The Drawn Objects is a series of small monochrome panels each measuring 60 cm. square and projecting 3 cm. from the wall. Burrows deliberately used awkward implements to remove as much intention and permit as much spontaneous play with the medium as possible. Like a drunken, slurred speech reference to his art historical models, he drew a primitive, childish, perhaps anal imagery in this hard space age material. He has called the result "Crazy Cat Suprematism," evoking an unsettling combination of utopian desire and mocking despair, resorting to a punning description of the works as "random portholes looking onto a space without gravity," summoning up images of physical and mental vertigo similar to some of his ‘80's work.10 For the artist it was a break with some of the basic tenets of the past. The anti-commodity art making of the '70's and '80's has given way to the conscious production of commodities.
"I am consciously making commodities, like poker chips. In some ways the plastic appeals to me on that level. They talk about money as plastic now. I willingly admit that a lot of my beliefs that might have been presented in Socialism are over with in the '90's. So I'm making this object that is in a sense a commodity in the new world order of sheer capitalism."11
The multi-panel, coloured pieces of 1992-93 called the Blanket Statements demonstrate Burrow's ambivalent acceptance of art's inevitable commodification. The Suprematist figures floating in the pictorial space of the Drawn Objects have given way to colour field objects. The hanging of the multi-panel pieces is related by the artist to the hanging of Navaho blankets on the wall for aesthetic contemplation.12 The panels' colours are a direct reference to a Canadian icon, the Hudson's Bay blanket; the wool blankets traded in the 19th century by the Hudson's Bay Company for furs in western Canada. A product of the mechanical loom, the mass-produced Hudson's Bay blanket was sought by the aboriginal peoples both as an aesthetic object and as basic shelter. A wonder of steam engine technology, it was perhaps the perfect commodity of colonialism.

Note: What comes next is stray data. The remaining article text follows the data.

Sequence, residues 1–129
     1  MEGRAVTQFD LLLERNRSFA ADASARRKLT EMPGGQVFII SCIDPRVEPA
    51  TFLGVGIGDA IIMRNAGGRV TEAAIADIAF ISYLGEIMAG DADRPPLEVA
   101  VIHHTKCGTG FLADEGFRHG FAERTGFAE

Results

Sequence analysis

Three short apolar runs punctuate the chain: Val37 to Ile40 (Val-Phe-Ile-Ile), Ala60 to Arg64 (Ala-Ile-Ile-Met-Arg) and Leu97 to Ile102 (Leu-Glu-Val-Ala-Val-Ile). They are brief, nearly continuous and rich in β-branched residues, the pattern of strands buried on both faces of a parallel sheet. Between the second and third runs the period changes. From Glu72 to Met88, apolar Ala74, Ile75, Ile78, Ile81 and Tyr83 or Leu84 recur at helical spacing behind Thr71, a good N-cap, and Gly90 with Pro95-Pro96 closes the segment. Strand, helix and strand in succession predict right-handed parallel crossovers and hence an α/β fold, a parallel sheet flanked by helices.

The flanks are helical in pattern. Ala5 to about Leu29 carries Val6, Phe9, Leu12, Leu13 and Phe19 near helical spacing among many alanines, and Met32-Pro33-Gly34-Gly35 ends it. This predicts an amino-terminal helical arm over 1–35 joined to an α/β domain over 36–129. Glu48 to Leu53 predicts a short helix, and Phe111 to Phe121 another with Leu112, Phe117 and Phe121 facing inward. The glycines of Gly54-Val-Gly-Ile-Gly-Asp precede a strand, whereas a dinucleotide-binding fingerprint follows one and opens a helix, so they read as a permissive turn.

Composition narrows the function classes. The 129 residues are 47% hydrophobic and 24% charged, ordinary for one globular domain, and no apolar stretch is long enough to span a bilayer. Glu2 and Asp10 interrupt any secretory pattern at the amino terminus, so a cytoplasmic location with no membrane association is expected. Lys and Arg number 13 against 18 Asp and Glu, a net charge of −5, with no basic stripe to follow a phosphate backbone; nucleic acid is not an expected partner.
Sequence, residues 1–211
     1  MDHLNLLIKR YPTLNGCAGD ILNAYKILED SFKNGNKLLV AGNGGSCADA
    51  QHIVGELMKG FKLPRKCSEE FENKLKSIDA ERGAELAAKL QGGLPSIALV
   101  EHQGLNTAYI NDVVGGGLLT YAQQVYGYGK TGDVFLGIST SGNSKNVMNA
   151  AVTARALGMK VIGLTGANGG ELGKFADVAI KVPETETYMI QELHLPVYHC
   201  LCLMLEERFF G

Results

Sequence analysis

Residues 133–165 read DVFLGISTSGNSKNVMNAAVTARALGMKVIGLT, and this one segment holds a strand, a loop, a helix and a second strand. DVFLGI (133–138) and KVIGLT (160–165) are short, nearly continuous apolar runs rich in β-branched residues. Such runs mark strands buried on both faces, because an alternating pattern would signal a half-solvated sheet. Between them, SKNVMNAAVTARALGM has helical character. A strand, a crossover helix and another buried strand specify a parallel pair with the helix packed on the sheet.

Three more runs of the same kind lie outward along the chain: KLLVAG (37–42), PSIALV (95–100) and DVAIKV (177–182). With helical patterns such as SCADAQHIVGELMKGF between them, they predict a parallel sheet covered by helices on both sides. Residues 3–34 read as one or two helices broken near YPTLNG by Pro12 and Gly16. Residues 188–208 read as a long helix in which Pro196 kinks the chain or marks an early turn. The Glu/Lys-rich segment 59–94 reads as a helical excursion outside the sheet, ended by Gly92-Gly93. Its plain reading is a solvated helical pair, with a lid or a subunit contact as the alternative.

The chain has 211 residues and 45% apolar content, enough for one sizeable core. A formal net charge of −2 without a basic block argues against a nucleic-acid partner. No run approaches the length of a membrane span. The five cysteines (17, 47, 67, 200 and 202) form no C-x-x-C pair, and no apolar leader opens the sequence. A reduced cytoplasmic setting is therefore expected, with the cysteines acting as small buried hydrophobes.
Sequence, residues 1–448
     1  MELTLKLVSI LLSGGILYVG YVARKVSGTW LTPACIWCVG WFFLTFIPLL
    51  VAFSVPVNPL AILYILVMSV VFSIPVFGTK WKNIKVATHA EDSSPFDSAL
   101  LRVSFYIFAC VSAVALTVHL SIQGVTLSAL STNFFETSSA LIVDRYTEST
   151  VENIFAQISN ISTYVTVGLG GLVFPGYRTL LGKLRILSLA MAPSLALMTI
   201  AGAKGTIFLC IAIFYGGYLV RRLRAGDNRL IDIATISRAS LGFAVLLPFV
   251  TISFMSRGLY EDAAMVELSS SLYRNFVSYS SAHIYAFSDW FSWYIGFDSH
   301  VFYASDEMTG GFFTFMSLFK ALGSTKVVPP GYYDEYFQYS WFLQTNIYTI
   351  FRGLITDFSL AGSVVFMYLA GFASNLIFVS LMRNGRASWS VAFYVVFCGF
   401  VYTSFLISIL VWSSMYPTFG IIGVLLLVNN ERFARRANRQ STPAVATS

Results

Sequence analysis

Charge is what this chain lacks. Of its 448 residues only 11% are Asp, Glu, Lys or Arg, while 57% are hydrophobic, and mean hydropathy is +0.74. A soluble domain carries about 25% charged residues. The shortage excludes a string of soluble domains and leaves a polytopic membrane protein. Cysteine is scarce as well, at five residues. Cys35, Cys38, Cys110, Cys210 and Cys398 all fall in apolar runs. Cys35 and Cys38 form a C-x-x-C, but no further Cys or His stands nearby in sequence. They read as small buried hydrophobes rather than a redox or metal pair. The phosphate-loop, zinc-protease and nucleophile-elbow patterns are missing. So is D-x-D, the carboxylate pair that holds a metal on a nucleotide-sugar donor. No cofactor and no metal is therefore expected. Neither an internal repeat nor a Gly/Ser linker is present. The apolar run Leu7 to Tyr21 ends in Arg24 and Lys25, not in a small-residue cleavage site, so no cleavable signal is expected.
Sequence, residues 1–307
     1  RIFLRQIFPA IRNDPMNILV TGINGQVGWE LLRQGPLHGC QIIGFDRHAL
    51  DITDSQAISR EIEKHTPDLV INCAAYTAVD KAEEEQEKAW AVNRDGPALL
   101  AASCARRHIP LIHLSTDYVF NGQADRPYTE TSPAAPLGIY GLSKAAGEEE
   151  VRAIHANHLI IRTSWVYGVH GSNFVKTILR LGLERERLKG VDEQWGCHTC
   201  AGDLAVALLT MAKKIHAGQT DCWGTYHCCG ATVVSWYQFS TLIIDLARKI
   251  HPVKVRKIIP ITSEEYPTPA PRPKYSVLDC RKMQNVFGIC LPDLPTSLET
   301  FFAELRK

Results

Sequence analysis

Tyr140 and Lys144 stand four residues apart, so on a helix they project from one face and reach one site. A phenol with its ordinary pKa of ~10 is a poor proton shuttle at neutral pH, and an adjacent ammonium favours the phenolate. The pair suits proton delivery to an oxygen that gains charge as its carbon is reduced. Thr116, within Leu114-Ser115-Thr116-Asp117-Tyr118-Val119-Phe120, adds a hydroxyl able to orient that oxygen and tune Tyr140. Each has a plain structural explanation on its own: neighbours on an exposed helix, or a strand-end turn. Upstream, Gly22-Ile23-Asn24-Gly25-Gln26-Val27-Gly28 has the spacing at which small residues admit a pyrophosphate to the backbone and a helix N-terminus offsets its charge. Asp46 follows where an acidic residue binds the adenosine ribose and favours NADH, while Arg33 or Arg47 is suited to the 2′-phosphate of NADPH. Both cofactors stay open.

Again, Burrows returned to the themes of shelter and commodity. The artist invited the spectator to confront the distances between utopian dreams and physical necessity, between direct, unmediated indigenous relationships to the world and commodified, objectified and dislocated relationships. The title Blanket Statements forces us to acknowledge the artist's work as a "poker chip," a "plastic" currency, a commodity for barter and speculation, for accumulation and display. His desire to use colour, to make "pleasing things to be around," is conditional, and can only be made with reference to the mercantile character of this object of desire. It cannot be justified as pure caprice, isolated and elevated from coercion. It is a commodity, made from specific materials and techniques, within a specific context. For Burrows, it was a necessary obligation to refer to, and to acknowledge his work as commodity, before he could enjoy the limited freedom of playing with the medium.
The Hematoma series beginning in 1994 is a major advancement in the artist's work with polyester resin. Drifting away from an abstraction based on conventions of painting,13 Burrows has developed a polyester language -- a visual aesthetic specific to the medium. The title of the series, Hematoma, draws our attention to similarities between the blotchy and mottled purple-blue-green translucent polyester resins and the polychromatic manifestations of trauma to the flesh. The smooth, flat translucent polyester, unlike the mechanical weave of a canvas, is mysterious and skin-like. It doesn't support pigment on the surface rather, like flesh, contains it within.
The Hematoma series is about regret, like the Blanket Statements and the Drawn Objects, and the sculptures of the ‘80's before them. The weightless, abstract imagery, the commodity "poker chip" references, the toxic material associations, the artwork as a metaphor for the damaged body -- these are images and issues which sceptically probe, mock and bemoan the possibility of authenticity at the end of this century.
Gordon Hatt, 1994